The biggest difference between Singapore and Thailand is the maturity of the markets and customer's behaviour. I asked a few women Singaporean and expats "where do you get your hair products?" Many say at the supermarket or online at Redmart and iHerb both very professional online shops. When I told them about Healthy Hair Asia and showed them my online Facebook shop they were surprised, in a good way, and asked to see my website shop. One female entrepreneur was quite frank and told me that selling on Facebook wouldn't exactly work in Singapore, people want a professional website. "You either do it properly, or don't do it at all." Others were impressed how little money I invested to build Healthy Hair Asia, and stated in Singapore it's very expensive and time consuming to build customers and your brand. What was interesting about these critical conversations were these comments were from native Singaporean women. When I talked with expats, they were more opened with my business model. Despite Singapore importing most of its goods, they knew that natural and organic cosmetic products from the US and Europe was not so popular or available in stores.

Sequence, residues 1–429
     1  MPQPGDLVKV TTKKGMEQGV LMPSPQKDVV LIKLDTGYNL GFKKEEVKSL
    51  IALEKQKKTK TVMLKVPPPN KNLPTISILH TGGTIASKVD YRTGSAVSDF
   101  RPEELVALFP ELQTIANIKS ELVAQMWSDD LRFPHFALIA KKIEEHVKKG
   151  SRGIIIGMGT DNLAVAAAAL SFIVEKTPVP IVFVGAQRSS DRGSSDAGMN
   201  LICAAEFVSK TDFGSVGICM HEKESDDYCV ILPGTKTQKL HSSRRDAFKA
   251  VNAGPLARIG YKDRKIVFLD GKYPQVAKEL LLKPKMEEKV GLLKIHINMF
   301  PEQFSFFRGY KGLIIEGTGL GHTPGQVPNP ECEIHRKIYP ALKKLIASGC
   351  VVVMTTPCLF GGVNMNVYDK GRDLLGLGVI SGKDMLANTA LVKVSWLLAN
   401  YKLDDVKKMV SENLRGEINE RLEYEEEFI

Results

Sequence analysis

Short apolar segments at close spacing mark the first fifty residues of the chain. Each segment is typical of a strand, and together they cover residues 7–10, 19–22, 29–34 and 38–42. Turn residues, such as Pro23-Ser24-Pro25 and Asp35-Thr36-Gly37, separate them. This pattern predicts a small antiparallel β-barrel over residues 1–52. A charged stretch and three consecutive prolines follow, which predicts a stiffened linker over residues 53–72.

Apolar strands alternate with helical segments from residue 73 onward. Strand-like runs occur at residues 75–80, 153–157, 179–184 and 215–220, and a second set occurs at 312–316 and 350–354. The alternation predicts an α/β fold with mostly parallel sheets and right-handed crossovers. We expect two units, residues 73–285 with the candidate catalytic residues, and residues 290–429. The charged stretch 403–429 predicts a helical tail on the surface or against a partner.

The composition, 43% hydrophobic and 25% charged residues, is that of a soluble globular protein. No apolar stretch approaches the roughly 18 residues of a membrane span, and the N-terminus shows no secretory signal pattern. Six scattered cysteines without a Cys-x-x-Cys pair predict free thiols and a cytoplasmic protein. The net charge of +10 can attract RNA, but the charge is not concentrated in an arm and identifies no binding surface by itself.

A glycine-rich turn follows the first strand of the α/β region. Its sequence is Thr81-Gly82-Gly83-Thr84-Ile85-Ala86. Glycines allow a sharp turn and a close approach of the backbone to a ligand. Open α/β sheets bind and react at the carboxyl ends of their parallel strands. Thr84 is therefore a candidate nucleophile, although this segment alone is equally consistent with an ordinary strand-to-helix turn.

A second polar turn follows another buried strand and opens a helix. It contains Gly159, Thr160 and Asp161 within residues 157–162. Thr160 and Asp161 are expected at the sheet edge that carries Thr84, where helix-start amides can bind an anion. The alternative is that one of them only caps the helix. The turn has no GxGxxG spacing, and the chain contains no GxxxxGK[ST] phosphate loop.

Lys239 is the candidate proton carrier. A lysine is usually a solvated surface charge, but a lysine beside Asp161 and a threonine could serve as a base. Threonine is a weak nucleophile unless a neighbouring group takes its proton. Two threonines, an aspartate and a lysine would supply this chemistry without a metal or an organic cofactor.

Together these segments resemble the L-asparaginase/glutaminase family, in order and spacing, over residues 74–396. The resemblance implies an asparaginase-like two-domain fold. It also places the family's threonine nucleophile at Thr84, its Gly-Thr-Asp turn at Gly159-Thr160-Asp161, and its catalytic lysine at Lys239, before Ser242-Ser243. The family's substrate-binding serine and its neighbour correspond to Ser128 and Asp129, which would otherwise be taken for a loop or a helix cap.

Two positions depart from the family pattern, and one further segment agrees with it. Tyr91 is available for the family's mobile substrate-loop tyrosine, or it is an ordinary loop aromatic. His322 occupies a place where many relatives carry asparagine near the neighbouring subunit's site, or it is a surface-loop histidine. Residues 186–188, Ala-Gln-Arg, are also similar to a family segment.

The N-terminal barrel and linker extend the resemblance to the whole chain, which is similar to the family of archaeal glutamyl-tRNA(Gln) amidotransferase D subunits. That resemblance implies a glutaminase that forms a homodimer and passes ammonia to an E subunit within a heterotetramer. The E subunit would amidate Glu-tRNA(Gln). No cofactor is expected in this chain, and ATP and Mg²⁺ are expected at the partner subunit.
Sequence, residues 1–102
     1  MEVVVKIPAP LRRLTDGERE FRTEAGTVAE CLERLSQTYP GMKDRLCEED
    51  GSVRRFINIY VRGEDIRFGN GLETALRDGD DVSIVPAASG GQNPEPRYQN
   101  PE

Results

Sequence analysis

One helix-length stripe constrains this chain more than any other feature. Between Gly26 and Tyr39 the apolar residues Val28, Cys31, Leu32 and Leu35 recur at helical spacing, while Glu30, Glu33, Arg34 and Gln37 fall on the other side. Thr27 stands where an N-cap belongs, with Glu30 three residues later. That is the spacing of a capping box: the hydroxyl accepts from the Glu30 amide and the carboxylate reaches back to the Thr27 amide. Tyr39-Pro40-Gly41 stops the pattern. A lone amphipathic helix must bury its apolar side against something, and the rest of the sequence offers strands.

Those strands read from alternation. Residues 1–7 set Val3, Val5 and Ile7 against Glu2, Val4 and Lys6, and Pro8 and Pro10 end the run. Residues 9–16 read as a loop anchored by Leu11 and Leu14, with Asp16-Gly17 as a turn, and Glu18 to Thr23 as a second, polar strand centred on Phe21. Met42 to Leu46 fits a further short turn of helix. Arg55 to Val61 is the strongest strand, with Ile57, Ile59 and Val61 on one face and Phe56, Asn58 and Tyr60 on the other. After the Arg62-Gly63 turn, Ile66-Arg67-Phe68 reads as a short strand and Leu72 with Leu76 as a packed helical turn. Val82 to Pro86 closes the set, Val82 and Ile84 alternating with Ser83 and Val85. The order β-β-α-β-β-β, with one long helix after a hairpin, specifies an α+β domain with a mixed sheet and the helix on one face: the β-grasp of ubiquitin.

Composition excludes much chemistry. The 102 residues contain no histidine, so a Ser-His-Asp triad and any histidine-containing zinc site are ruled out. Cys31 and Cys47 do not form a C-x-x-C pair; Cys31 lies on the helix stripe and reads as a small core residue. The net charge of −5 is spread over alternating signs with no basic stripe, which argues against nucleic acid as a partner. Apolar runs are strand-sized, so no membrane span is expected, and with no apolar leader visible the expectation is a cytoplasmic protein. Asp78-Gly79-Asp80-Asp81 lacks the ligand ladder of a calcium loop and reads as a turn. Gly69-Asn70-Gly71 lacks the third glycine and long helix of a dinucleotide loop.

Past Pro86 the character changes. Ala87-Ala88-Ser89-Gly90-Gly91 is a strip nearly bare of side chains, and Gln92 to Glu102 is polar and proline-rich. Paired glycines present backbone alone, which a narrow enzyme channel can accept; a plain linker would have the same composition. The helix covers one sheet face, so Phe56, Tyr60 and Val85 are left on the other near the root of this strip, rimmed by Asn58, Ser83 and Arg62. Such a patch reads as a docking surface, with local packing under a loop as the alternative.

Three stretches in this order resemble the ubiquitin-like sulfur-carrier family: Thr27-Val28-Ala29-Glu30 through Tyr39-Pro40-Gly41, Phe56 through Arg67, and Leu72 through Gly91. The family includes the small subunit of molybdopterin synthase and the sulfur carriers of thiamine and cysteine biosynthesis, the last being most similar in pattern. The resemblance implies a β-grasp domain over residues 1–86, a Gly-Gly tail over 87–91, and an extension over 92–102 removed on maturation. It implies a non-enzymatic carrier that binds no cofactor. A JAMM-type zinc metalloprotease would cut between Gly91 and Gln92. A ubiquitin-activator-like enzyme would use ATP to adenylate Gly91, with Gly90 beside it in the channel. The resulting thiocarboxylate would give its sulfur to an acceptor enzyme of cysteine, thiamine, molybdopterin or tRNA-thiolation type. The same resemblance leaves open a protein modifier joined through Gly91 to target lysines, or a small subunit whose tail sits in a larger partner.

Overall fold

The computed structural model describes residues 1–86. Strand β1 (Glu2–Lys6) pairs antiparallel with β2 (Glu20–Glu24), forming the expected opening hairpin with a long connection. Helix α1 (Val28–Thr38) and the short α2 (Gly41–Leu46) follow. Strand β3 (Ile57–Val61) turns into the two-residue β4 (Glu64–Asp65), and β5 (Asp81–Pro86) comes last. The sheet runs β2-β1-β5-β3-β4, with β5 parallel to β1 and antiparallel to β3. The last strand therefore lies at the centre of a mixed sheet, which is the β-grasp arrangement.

On the other hand, Thailand is a whole different market. People love to buy on Instagram and Facebook, consumers want convenience and the most simple payment options, which is cash. Overall, the difference between Healthy Hair Asia platform and other "natural products" is that I sell a lifestyle not just a product. Hence my hair models, how-to videos, and creative memes. In Singapore, the market it a lot more mature, people are more patient and pay via credit card, and social media doesn't play a central role in consumers behaviour like it does in Thailand.
So, I'm back in Bangkok and I have new friends and connections in Singapore. My plan is to travel for the next couple of months to find a co-founder, build a team, and register my business. I really liked Singapore and it's definitely an option to register my business, but I will not set up shop there.
The next couple of months will be very exciting, so stay tuned!